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Environment, Government VIC

Community speaks out against rogue logging in precious national park habitat

Victorian National Parks Association 2 mins read

Academics, conservationists and community groups will take a stand against Forest Fire Management Victoria facilitating rogue logging of precious national park habitat.

A community meeting on Saturday in the Dandenong Ranges National Park will take aim at Forest Fire Management Victoria which has enlisted VicForests to salvage log fallen trees from the major windstorm two years ago.

There are major concerns for endangered species which live in the area where logs are set to be removed, despite the initial plan being scaled back after community pressure.

Victorian National Parks Association parks campaigner Jordan Crook said there had been poor ecological management of one of Victoria’s premier national parks. 

“This is very much the tail wagging the dog, with the log extraction needed for VicForests to remain viable,” Mr Crook said.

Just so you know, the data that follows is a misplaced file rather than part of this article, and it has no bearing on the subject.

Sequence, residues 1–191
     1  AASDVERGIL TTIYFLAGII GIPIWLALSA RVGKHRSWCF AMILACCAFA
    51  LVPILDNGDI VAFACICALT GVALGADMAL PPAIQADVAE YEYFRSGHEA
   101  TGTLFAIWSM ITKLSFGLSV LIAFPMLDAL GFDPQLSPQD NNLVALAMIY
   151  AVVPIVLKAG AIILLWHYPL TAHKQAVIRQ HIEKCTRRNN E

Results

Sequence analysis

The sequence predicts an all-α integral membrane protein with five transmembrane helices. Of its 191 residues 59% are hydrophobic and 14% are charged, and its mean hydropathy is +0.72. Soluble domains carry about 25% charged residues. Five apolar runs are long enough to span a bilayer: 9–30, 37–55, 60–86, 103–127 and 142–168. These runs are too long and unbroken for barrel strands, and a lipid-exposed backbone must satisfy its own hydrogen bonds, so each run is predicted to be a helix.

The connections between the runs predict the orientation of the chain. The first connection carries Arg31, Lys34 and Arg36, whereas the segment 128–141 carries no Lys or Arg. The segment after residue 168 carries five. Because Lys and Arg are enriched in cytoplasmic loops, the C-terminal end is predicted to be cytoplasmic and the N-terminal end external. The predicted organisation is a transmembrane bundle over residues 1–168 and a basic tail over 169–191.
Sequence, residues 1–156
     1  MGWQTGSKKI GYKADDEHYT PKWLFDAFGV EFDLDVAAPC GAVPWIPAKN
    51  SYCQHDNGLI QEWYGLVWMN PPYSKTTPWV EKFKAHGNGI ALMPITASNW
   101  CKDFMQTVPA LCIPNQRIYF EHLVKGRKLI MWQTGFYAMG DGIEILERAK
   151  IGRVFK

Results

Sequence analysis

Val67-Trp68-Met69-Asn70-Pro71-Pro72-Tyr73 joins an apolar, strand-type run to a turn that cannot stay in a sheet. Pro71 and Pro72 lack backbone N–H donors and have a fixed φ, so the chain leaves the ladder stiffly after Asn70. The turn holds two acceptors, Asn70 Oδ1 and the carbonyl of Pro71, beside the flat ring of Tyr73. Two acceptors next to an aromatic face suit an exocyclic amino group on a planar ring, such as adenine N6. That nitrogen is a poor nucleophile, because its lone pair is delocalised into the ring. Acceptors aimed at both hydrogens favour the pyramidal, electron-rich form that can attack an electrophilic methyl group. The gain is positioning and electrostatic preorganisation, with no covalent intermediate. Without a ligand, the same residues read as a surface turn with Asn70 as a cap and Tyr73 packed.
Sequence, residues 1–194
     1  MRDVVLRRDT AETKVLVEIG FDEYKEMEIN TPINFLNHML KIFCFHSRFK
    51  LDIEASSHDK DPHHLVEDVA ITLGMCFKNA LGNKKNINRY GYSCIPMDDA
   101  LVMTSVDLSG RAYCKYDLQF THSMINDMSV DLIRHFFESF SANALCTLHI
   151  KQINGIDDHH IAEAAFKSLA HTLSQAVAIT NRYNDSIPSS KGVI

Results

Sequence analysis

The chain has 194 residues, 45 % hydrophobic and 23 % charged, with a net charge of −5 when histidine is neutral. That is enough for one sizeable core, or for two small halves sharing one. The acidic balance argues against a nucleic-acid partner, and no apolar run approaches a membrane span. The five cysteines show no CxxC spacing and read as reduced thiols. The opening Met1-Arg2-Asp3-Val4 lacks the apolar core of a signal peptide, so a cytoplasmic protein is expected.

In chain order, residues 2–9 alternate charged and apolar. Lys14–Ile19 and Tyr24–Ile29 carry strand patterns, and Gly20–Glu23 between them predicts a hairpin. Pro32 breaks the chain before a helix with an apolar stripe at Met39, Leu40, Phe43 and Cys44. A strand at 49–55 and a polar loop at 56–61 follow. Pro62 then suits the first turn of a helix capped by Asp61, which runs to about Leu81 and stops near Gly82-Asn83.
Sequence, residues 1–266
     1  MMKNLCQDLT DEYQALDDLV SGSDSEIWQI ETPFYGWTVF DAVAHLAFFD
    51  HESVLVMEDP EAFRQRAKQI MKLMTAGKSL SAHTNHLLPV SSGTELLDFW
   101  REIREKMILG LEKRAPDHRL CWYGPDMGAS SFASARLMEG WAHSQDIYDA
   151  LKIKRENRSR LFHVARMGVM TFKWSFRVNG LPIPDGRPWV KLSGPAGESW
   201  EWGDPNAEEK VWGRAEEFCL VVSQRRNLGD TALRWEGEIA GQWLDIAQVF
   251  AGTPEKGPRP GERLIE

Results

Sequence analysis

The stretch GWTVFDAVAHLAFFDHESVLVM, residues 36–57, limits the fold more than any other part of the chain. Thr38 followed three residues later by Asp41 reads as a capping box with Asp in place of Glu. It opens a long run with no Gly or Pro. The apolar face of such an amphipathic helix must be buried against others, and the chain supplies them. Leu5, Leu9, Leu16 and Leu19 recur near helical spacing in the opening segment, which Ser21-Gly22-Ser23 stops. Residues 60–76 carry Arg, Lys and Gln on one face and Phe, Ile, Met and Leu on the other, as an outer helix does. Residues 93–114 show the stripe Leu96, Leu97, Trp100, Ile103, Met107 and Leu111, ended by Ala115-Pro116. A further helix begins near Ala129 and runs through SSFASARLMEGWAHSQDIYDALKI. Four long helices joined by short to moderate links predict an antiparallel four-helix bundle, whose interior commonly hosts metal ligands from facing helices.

“Ecological and even fire prevention outcomes are a long way behind in their planning and operations - that’s not good enough.”

“The community, academics and conservationists are united against this plan, which would set a dangerous precedent for our national parks.”

“Commercial logging operations have no business interfering in national parks under the guise of fire management.”

Local Landcare president Robert Pergl said there were serious concerns about the plan after a Superb Lyrebird nest and a large population of an endangered Correa were found in recent citizen scientist surveys.

“It is unfathomable locals need to survey and detect species not previously found before by VicForests and Forest Fire Management Victoria within the National Park.”

“We are requesting both sites be independently surveyed for threatened species before their habitat is unknowingly destroyed by heavy machinery and plans to remove logs from the national park,” Mr Pergl said.

“Using the same organisation to assess threatened species and to plan logging shows a distinct lack of transparency. Is the regulator marking its own homework?”

The initial plan to remove fallen trees from over 100 hectares was scaled back to 50 hectares after local conservation groups sounded the alarm about Gang Gang Cockatoos, Powelltown Correas and Greater Gliders. 

Community groups, academics and conservationists will gather at Olinda Falls Picnic Area, Dandenong Ranges National Park, on Saturday September 2 from midday (12pm) to hear from experts and tour the areas earmarked for logging.

Contact details:

Jordan Crook, Parks and Nature Campaigner, Victorian National Parks Association - 0401635573 / 

Robert Pergl, Southern Dandenongs Landcare Group – 0467 204 827 /

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